Fishermen hunt veined rapa whelks in Bosphorus to export to Far East
Every day, fishermen are going out fishing in the Bosphorus to hunt veined rapa whelks, large sea snails that have been touted widely as an antidote to cancer and are popular in Far Eastern countries.
Taner Yıldız, an academic from Istanbul University, told daily Hürriyet that the rapa whelks were significantly valuable, saying their export market value is around $20 million.
According to various scientific articles, the veined rapa whelks, currently inhibiting the seabed of the Marmara and Black seas, were first detected in the region in 1953.
The veined rapa whelks native is the Sea of Japan. Academics believe they arrived in the Bosphorus over the years after having hanged on the tanks of ships coming from the Far East.
They eventually settled in the Bosphorus, where they encountered other species that were threatening them, and the Black Sea after reproducing over the decades.
Not as popular as in Turkey, fishermen began catching the fish to export them where they are more appreciated: The Far East.
Besides being a favorable food in the cuisine, the shells of the fish are also used in the cosmetics sector.
Also, if kept in deep-freezers, the shelf lives of the fish are around 540 days.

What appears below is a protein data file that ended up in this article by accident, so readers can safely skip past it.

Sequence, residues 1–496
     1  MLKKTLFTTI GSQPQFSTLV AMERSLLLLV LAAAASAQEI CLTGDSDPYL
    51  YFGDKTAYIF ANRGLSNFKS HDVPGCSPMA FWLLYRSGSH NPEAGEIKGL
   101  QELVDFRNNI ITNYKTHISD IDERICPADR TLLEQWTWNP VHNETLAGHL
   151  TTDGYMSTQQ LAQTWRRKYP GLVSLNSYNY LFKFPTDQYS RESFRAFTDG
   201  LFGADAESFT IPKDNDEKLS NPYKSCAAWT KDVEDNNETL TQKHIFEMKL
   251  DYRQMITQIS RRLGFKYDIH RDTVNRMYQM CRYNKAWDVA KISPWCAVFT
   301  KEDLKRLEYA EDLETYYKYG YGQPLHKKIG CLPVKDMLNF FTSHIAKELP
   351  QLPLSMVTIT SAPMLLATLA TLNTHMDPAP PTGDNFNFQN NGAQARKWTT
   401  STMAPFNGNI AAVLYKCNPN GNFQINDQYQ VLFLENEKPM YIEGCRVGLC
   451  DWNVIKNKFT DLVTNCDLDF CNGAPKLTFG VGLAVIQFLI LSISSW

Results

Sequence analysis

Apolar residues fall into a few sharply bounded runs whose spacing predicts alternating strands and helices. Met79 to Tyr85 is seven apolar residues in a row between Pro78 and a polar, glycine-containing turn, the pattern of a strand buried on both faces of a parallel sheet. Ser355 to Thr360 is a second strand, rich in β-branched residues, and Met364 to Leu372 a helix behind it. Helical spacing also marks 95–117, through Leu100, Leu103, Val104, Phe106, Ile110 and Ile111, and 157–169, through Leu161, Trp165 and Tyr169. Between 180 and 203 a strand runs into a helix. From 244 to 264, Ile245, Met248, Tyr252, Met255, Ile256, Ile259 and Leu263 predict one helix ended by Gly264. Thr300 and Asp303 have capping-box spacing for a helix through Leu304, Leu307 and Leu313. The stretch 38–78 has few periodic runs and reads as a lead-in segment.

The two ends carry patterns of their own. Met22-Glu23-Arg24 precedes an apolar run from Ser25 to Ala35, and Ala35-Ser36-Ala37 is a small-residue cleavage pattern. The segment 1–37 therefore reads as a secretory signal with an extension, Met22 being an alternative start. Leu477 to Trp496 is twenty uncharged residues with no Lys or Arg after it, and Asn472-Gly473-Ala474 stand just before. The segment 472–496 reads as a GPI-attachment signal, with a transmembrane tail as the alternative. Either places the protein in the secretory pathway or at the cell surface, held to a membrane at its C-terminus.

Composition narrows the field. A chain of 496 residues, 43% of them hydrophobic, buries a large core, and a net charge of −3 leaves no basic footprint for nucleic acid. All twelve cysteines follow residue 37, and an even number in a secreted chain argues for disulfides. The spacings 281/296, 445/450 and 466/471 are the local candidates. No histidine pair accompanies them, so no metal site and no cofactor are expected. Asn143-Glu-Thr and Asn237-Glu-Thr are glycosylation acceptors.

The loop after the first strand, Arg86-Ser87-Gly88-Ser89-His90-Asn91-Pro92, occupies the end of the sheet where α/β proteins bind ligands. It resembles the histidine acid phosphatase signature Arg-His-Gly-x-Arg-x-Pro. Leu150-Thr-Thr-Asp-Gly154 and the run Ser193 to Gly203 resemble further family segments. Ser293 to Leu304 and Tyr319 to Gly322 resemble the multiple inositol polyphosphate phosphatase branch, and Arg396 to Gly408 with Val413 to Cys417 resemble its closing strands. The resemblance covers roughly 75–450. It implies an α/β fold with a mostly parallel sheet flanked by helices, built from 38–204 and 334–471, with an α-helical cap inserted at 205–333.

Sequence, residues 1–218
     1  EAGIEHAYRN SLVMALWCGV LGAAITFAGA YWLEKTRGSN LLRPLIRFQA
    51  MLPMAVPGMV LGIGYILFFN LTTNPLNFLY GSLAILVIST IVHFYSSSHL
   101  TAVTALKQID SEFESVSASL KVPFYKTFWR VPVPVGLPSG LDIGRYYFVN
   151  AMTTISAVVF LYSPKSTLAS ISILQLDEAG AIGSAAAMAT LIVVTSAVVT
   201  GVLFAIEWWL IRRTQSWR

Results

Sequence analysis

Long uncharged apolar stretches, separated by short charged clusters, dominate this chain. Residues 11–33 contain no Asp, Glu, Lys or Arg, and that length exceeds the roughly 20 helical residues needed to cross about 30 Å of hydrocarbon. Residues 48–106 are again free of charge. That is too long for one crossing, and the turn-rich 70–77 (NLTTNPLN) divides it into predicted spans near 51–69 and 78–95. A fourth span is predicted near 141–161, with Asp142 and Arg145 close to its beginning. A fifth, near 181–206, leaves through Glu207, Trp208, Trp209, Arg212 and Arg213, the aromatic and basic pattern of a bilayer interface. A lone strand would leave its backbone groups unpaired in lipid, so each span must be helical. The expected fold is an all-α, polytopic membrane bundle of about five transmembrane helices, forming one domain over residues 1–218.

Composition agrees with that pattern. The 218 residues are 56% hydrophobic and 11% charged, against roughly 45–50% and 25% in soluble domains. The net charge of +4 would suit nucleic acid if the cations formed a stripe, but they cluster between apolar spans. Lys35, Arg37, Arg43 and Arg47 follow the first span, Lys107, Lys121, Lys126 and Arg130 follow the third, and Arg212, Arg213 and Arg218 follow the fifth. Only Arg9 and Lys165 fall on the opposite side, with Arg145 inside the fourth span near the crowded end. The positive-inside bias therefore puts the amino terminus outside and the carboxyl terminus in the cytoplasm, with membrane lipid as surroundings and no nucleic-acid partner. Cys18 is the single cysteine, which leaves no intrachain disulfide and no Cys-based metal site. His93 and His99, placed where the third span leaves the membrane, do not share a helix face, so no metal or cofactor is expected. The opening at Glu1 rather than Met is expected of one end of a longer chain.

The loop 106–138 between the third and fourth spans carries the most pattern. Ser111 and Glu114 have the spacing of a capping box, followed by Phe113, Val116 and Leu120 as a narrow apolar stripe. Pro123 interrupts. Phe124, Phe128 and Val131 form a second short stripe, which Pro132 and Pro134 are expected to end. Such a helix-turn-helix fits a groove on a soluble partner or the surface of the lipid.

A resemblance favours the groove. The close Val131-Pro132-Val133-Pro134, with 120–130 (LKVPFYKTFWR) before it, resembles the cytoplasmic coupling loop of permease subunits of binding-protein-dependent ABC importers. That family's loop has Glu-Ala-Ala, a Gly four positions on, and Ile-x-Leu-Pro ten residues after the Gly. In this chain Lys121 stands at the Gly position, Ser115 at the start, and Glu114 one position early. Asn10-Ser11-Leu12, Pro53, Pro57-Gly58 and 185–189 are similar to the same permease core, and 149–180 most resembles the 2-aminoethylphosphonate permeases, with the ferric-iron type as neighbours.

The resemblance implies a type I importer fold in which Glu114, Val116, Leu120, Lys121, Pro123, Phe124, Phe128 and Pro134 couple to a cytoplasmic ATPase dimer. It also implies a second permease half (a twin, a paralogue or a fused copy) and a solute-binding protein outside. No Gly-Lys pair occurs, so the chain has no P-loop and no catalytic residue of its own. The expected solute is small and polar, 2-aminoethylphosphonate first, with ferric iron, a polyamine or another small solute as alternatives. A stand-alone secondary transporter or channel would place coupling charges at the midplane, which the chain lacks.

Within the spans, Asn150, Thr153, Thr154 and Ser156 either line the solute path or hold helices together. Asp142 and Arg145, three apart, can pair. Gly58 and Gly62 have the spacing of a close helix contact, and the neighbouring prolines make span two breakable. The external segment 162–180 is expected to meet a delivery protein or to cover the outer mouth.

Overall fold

“Normally these sea creatures are not supposed to exist in the Bosphorus, Yıldız noted, adding that they fast reproduced over the half century.
According to the academic, soon after arriving in the Bosphorus on ships, the veined rapa whelks also swam towards the Black Sea with the help of the sea flows and increased the population there rapidly.
“In the beginning of the 1980s, the Japanese saw that the population of the veined rapa whelks in the Sea of Japan decreased. So, they started studying the reasons behind it,” said the academic.
It was then the exports began when the studies led to the discovery that the sea snails had put down their roots in the Bosphorus.
“The buyers of the veined rapa whelks are ready,” he added.
The Turkish Coast Guard, of course, monitor every fishing vessels in the region, however there is no fine or penalty for snail hunting.
The fishermen do not use fishing nets or any other devices to hunt the creatures.
“They dive into the water, get the veined rapa whelks by hand or hoses and collect them in sacks. This kind of fishing does not harm the ecosystem,” said Yıldız.